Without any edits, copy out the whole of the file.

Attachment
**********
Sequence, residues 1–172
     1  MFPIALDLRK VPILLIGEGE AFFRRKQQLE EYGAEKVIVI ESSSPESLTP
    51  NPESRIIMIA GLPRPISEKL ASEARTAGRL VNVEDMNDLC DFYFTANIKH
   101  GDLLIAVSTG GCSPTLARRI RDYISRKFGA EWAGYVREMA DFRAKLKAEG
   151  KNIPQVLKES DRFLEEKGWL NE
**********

Sequence, residues 1–172
     1  MFPIALDLRK VPILLIGEGE AFFRRKQQLE EYGAEKVIVI ESSSPESLTP
    51  NPESRIIMIA GLPRPISEKL ASEARTAGRL VNVEDMNDLC DFYFTANIKH
   101  GDLLIAVSTG GCSPTLARRI RDYISRKFGA EWAGYVREMA DFRAKLKAEG
   151  KNIPQVLKES DRFLEEKGWL NE